For an experiment, my teacher gave me containers of hydrates and their corresponding anhydrous compounds, but I have a feeling that for one of the compounds she switched the hydrate and anhydrous label by accident. How can I check if this is true?

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    $\begingroup$ Anhydrate is a word that does not exist. Anhydrides are existing, but it is not your question. $\endgroup$ – Maurice Nov 20 '20 at 21:12
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    $\begingroup$ In a way, anhydrate is a word that should have existed. Pity it doesn't. $\endgroup$ – Ivan Neretin Nov 20 '20 at 21:13
  • $\begingroup$ Most anhydrous materials are fairly hygroscopic, so put a bit of it on a sensitive scale. If it "gets heavier" sitting there it used to be anhydrous. $\endgroup$ – Gwyn Nov 20 '20 at 21:32
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    $\begingroup$ Which compounds do you suspect were swapped? $\endgroup$ – Nicolau Saker Neto Nov 21 '20 at 3:06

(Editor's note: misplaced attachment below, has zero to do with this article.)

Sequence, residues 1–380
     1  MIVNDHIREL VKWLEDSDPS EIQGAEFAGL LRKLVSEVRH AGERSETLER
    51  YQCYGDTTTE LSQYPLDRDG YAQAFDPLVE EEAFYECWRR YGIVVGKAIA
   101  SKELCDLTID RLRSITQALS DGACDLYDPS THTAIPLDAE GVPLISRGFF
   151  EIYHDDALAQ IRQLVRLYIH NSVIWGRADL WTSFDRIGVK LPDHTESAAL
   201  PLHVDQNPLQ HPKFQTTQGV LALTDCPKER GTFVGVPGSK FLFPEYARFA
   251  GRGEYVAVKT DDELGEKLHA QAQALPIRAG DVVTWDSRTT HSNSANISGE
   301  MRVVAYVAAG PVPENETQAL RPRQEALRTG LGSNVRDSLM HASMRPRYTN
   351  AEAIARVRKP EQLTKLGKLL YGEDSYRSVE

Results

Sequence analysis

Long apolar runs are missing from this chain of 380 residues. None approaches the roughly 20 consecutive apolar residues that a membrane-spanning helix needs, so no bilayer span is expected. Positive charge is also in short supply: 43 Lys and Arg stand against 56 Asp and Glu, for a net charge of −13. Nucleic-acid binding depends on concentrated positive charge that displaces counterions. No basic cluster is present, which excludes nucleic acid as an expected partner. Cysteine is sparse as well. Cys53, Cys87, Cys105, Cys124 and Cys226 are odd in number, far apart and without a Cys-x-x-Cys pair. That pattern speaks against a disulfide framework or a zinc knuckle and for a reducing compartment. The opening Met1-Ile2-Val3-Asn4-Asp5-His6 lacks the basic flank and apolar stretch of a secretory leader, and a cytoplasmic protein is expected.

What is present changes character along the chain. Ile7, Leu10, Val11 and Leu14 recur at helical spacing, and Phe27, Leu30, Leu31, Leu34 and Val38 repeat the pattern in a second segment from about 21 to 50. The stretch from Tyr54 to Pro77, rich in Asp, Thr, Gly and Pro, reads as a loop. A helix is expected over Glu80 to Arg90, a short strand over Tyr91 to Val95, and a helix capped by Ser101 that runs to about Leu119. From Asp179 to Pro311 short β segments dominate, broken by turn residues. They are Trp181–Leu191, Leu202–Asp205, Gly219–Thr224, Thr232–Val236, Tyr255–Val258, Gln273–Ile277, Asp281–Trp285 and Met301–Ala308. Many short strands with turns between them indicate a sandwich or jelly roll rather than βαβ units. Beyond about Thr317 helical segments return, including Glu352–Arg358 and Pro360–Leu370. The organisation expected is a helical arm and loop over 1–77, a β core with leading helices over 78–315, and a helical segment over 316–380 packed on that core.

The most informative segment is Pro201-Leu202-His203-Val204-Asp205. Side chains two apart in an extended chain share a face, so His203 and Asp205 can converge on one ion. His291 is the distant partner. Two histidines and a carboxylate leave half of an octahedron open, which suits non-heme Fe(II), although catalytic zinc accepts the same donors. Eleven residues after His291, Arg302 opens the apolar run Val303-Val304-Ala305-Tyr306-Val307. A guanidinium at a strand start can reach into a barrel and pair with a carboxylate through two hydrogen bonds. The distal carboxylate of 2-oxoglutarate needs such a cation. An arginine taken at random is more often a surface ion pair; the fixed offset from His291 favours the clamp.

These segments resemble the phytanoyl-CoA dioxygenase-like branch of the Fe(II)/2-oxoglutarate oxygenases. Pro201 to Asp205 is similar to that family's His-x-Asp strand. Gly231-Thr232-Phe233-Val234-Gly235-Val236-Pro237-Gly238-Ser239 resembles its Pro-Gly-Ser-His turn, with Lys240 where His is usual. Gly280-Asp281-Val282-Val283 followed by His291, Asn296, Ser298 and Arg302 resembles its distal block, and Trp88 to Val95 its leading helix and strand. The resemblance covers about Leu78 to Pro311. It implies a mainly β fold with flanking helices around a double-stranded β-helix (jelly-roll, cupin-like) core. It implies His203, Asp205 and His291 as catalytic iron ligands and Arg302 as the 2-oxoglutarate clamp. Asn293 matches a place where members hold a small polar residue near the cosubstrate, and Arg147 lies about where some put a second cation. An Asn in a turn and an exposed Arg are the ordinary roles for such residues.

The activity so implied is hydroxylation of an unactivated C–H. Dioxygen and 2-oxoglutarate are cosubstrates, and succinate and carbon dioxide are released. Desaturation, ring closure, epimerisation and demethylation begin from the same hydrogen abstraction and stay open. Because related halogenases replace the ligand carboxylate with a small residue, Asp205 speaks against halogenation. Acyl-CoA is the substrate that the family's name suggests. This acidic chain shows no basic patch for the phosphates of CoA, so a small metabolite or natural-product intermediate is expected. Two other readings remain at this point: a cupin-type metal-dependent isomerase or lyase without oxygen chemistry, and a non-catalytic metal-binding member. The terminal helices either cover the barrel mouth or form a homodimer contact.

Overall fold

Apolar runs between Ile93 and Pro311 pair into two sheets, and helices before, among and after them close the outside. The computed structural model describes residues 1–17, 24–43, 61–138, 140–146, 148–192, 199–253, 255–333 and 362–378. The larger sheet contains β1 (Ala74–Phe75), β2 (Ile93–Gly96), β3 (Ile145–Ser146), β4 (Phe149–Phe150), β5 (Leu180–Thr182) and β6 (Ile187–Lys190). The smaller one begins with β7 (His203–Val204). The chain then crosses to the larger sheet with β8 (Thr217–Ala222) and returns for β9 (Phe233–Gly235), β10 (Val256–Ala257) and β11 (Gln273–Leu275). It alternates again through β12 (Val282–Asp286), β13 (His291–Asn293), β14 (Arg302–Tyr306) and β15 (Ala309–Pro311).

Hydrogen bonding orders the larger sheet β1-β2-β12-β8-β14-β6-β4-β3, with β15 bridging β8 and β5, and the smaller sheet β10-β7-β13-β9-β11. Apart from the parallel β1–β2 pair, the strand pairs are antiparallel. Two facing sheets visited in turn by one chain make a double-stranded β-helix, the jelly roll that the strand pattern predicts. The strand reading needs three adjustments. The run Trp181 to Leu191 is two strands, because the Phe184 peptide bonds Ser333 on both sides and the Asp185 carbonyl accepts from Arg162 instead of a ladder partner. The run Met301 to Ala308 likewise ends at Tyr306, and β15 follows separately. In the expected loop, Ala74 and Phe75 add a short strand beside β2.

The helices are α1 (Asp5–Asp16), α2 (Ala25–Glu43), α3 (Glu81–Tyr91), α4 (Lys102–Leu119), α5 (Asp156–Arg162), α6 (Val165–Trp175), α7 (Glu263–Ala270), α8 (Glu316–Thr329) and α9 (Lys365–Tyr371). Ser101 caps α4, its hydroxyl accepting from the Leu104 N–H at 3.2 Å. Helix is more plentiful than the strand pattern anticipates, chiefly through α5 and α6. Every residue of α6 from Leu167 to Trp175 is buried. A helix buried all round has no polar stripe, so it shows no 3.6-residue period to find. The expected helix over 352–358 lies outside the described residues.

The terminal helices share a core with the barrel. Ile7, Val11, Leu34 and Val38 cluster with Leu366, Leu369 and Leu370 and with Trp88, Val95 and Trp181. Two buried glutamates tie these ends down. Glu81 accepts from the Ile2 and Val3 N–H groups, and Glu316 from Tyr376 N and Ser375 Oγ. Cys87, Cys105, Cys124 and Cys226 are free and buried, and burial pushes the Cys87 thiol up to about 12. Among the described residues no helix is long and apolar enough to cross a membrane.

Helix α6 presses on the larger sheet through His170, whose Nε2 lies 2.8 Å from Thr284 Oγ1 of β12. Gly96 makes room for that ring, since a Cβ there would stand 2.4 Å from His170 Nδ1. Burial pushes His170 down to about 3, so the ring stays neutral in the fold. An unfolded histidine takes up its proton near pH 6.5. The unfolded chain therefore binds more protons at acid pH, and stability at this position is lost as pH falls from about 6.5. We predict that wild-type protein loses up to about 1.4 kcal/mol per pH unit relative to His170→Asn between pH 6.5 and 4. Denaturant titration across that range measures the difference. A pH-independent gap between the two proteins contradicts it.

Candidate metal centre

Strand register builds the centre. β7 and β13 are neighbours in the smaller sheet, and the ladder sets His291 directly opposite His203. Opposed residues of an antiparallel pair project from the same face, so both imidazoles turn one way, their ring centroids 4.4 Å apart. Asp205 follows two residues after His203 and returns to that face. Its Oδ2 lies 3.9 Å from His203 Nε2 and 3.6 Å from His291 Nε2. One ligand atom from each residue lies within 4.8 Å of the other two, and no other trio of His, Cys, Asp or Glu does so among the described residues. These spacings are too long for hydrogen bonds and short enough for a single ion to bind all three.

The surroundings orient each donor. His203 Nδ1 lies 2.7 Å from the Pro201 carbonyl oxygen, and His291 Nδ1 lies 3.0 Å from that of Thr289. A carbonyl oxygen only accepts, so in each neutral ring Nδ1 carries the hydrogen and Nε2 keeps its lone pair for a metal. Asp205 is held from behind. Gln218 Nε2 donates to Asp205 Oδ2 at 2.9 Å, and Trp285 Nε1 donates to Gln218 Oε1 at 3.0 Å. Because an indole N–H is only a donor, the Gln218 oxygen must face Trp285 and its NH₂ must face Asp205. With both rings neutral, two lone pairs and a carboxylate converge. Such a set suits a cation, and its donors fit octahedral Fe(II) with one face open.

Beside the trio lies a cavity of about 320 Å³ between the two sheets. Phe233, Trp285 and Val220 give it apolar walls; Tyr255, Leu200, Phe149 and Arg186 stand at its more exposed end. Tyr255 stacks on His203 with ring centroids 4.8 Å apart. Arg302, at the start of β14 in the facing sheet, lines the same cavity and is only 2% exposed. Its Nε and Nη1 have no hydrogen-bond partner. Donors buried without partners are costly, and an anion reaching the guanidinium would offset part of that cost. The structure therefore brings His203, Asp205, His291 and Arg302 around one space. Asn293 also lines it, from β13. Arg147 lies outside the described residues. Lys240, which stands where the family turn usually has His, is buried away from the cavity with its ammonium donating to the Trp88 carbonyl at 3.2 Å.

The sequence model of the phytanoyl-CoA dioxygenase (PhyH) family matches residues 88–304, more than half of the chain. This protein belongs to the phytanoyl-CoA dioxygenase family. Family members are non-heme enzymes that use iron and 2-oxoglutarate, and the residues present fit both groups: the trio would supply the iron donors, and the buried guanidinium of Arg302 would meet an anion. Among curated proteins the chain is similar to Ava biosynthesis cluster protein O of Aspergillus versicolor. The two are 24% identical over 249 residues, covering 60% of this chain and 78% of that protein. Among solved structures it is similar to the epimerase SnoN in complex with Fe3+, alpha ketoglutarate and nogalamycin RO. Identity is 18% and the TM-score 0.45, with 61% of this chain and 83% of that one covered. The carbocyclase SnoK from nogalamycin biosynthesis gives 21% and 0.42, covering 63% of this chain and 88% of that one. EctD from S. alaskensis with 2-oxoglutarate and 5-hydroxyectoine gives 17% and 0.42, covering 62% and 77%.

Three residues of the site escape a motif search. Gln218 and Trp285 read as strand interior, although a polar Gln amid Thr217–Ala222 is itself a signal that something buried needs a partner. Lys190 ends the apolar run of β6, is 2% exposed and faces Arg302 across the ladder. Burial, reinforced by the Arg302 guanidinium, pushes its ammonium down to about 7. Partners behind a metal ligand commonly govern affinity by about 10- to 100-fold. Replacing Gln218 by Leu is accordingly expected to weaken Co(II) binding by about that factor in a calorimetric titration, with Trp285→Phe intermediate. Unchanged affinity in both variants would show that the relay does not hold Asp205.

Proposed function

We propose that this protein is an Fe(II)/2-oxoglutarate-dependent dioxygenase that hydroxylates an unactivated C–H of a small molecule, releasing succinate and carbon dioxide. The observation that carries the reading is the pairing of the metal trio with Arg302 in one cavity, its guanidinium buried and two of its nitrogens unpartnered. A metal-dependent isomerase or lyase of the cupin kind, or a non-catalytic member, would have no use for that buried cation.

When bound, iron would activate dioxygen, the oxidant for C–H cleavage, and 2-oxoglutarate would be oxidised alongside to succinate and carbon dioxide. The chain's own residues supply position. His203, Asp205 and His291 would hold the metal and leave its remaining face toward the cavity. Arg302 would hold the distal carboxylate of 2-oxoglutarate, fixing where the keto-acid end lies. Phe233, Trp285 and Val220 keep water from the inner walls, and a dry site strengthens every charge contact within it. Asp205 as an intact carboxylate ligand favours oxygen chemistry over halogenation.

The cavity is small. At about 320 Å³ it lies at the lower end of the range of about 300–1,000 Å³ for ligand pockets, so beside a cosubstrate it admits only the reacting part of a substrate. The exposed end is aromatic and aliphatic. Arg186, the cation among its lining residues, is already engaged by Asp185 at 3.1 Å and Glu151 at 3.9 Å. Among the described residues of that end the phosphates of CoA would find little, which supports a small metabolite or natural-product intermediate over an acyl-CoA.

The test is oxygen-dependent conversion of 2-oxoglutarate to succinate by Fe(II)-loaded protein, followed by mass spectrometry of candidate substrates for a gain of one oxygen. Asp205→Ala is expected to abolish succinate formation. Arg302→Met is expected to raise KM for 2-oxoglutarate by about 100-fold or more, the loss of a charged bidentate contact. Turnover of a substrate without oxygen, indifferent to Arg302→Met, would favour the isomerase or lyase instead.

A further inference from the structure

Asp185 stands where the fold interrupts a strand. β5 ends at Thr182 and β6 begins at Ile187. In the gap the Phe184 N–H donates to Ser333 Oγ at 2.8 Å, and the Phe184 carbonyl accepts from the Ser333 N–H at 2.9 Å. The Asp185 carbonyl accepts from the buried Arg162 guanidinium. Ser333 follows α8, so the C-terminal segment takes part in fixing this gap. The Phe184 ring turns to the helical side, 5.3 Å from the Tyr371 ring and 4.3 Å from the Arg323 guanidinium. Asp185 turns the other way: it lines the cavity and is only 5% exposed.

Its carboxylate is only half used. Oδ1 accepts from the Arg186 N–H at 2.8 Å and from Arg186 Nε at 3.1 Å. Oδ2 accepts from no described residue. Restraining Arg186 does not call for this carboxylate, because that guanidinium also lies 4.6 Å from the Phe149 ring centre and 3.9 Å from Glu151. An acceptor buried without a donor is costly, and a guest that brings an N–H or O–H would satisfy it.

• $\begingroup$ There will be a difference in their appearance. $\endgroup$ – Nilay Ghosh Nov 21 '20 at 9:11

There is no general answer to this question.

Heating is probably the best approach. It is not the only one. For some compounds, heating the hydrated variety produces an emission of water vapor, and nothing else, like $\ce{CuSO4·5H2O}$ or $\ce{Na2CO3·10H2O}$. For others compounds, it may produce a total decomposition like $\ce{AlCl3·6H2O}$, which is transformed into $\ce{Al(OH)3 + HCl}$ at high temperature. Considering the corresponding anhydrous compounds, $\ce{CuSO4}$ is decomposed into $\ce{CuO + SO2 + O2}$ at $650$°C. $\ce{Na2CO3}$ resists decomposition up to $1200$°C. $\ce{AlCl3}$ sublimes at $177$°C. You see that there is no general rule.

You may also check the behaviour of your hydrated compound with substances that react violently with water like thionyl chloride $\ce{SOCl2}$. if there is a reaction, it is probably a hydrate. But it may also be an anhydrous compound that react with $\ce{SOCl2}$, a metal for example, or an organic acid.

If you want a better answer, please give us the names of the particular compounds you are interested in.


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